China / China

Fighting poverty with resilience and hope

By Zuo Zhuo (China Daily) Updated: 2017-07-06 07:23

 Fighting poverty with resilience and hope

Zuo Zhuo talks with a farmer in Huichang, Jiangxi province.Provided To China Daily

After spending a month in Gufang, a village in Huichang county, Jiangxi province, I am now well acquainted with fish farming, greenhouse gardening and raising pigs - things I had no idea about before.

I made friends with a number of villagers and formed a unique bond with a kind family who accommodated me for the whole month. Even their three dogs, which tried to bite me the first day I appeared in their owner's yard, later followed me everywhere like a small troop.

Life in rural China has suddenly become so much easier for me to relate to. And the unprecedented poverty alleviation campaign taking place in the village is no longer a vague concept, but real people making real efforts and carrying out a range of measures to lead the country into an increasingly prosperous future.

What touched me most were the people, with their resilience in the face of hardships and their strong will to strive for better lives through hard work.

I interviewed Zeng Chaozhi, a 26-year-old villager. The cheerful young man smiles most of the time, so it's hard to believe he has had uremia (high levels of urea in the blood) for six years and has dialysis three times a week.

The expensive medical treatment, which has cost 1 million yuan ($147,000) to date, plunged his family into dire poverty. In 2015, the family was registered as living below the poverty line of 3,146 yuan per capita income a year and became eligible to receive financial support from the government.

Since last year, Zeng has been able to access a new health insurance program introduced by the county government to cover the entire poverty-stricken population.

As a result, his medical costs have been greatly reduced, and his family has received 303,000 yuan as a partial reimbursement of the 319,270 yuan they spent on medical fees last year.

"We couldn't have survived without the government's help," Zeng's parents kept saying during our interview.

Chronic illness has weakened Zeng's body, but strengthened his mind, making him much more mature and philosophical than his peers. He hasn't allowed his life to waste away, but has taken freelance jobs that don't require too much labor, such as working as an online purchasing agent. He is also trying to start writing stories again, something he excelled at during his school days.

I will always remember the smile he gave when he said: "I consider myself lucky. At least I still get to see the sun rise every morning."

Another person who left a deep impression on me was Zou Shirong, president of Gufang's agricultural cooperative council. Zou was a successful businessman running a shoe factory in Guangzhou, the capital of Guangdong province, before he returned home last year at the request of the village Party chief to take the helm of an agriculture reform program in the village.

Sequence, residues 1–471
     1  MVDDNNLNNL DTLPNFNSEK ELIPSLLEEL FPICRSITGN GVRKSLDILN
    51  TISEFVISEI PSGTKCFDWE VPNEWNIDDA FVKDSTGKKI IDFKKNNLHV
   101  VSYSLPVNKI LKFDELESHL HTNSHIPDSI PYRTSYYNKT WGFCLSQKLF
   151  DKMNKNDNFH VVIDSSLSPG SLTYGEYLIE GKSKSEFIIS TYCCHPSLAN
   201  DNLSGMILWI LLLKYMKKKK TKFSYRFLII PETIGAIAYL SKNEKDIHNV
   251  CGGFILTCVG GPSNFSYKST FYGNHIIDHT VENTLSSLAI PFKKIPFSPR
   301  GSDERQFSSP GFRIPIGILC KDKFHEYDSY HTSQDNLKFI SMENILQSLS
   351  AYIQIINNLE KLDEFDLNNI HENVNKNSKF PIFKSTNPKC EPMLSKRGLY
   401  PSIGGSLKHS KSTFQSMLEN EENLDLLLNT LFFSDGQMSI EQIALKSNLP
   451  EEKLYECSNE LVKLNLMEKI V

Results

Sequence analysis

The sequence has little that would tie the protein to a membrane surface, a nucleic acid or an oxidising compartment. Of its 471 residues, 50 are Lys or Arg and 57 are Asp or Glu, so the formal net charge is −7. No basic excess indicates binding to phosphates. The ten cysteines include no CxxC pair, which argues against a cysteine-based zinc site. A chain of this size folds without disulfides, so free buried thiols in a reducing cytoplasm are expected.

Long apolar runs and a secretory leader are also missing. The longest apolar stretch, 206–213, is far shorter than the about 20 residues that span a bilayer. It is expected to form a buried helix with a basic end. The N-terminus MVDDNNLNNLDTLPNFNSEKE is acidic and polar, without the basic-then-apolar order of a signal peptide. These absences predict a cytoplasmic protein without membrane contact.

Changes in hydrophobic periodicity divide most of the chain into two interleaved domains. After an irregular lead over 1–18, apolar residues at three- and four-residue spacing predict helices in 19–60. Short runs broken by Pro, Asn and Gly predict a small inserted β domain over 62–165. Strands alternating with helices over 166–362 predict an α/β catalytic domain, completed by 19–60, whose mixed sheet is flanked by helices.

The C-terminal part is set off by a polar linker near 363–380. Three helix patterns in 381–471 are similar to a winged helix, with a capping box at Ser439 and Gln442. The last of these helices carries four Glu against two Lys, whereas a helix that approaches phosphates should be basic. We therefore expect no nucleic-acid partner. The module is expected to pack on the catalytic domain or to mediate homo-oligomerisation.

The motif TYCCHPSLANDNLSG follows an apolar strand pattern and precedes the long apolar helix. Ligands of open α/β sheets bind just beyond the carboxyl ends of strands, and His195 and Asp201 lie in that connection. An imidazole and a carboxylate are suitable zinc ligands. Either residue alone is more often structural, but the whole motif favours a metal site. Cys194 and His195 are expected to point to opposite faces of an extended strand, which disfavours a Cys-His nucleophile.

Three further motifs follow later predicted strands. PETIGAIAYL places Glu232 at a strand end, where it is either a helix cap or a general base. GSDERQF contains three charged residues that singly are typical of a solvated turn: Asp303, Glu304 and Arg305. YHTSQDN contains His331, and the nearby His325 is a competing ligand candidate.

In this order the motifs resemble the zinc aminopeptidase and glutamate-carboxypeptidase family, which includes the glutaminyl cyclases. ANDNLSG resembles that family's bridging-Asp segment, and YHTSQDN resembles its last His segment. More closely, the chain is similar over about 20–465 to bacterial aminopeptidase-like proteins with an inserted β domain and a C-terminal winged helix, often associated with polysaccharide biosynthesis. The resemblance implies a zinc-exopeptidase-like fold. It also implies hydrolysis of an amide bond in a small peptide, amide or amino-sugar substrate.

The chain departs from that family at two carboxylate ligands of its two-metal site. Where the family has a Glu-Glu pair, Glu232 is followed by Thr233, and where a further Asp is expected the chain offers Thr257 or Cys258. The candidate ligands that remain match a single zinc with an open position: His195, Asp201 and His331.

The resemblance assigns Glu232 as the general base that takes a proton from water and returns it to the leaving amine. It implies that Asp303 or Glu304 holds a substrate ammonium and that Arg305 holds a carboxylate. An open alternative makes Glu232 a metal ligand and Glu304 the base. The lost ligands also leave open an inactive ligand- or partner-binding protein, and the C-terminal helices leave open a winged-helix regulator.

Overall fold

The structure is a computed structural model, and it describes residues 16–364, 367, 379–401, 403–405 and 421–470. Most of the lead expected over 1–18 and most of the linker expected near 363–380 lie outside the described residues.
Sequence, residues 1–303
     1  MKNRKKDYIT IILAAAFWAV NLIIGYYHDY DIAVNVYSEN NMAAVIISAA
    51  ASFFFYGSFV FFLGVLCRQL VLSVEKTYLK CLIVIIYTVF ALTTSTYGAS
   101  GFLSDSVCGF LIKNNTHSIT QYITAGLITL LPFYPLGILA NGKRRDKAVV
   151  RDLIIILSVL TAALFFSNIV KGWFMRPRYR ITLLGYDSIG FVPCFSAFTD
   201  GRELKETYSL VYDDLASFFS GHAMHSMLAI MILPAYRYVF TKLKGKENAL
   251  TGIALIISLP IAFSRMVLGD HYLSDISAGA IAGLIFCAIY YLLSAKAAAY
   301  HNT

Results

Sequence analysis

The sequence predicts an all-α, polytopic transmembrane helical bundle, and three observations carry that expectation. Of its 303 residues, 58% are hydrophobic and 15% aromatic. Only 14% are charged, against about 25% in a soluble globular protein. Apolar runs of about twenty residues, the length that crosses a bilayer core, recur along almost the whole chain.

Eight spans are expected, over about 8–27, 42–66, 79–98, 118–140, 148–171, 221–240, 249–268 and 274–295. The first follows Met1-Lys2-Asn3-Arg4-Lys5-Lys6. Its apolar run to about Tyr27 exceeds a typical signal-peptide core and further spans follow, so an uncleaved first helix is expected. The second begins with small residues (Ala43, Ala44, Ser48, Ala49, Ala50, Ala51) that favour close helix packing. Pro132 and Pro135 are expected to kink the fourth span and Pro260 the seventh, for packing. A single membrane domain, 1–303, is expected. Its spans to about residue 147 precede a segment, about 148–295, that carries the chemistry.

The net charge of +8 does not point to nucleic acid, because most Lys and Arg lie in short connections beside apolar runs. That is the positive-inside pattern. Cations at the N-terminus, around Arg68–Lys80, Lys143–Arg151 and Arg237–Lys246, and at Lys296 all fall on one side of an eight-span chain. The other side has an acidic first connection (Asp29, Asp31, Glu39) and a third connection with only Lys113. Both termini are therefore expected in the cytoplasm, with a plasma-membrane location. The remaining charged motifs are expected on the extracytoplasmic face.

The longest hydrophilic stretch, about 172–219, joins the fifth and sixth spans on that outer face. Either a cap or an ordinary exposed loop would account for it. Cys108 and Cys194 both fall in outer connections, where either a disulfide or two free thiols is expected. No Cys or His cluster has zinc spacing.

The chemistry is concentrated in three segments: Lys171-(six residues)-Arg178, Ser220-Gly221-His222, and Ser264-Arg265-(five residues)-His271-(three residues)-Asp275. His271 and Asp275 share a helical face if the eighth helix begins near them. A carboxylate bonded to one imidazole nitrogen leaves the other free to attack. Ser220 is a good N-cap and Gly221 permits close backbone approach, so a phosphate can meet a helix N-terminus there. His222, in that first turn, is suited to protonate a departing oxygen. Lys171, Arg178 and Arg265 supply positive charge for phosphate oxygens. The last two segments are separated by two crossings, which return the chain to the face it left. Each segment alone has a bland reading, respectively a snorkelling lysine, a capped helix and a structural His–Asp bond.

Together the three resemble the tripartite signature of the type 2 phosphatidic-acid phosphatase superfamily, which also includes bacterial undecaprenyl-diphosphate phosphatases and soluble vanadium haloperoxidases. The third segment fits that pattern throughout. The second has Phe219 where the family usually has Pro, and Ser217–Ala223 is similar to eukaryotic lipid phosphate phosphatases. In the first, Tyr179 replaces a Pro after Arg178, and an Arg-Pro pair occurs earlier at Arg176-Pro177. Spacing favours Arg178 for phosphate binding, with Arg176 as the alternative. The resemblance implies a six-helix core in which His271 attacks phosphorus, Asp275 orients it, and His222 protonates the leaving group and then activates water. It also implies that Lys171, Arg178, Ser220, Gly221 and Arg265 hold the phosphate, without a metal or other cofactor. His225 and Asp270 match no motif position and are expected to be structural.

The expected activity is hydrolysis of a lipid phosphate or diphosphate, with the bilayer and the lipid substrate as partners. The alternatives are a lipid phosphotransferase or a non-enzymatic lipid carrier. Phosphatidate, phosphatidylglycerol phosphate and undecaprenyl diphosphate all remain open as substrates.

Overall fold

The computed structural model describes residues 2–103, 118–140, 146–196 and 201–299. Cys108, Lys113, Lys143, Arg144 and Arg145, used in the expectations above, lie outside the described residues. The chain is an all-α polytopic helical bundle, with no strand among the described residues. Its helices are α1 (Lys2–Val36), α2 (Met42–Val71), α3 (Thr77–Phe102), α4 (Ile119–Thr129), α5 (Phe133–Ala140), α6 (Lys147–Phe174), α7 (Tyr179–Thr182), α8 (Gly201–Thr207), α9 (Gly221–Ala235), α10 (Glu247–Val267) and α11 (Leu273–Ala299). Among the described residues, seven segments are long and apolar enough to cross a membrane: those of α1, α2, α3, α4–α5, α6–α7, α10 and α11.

At the time, Gufang was at a critical turning point in the fight against poverty. The local infrastructure was being renewed, but the village still lacked pillar industries to provide momentum and sustain growth.

Although he isn't an agricultural expert, Zou has unrivalled management experience. For his transformation of the village, he started from scratch, undertaking research with the 12-member cooperative council. Then he sketched out a workable plan to develop modern agriculture in accordance with the local conditions.

It was pioneering work that demanded courage and devotion, and Zou proved to have both. Led by him, the council members raised 5 million yuan to build greenhouses, buy seedlings and install facilities. He also obtained personal bank loans worth more than 3 million yuan.

By the time I arrived in Gufang in May, the village had taken on the look of a modern rural community, having recently developed 100 mu (6.6 hectares) of high-quality fishponds, 100 mu of greenhouses, 200 mu of vegetable fields and 300 mu of orchards.

Zou showed me around the "brandnew" village with the pride of a father showing off his son: "I like taking a stroll around the village every morning and evening. Sometimes it strikes me as incredible that it has changed so dramatically in the time since I returned."

With thousands of seedlings sprouting new buds, Zou has literally sown the seeds of hope in the formerly poverty-stricken village.

His latest plan is to make the village the "back garden" of Huichang, and attract people to visit and pick their own fruits and vegetables.

"Can you imagine what the village will be like in three or five years?" he asked.

I think he has already pictured it in his mind.

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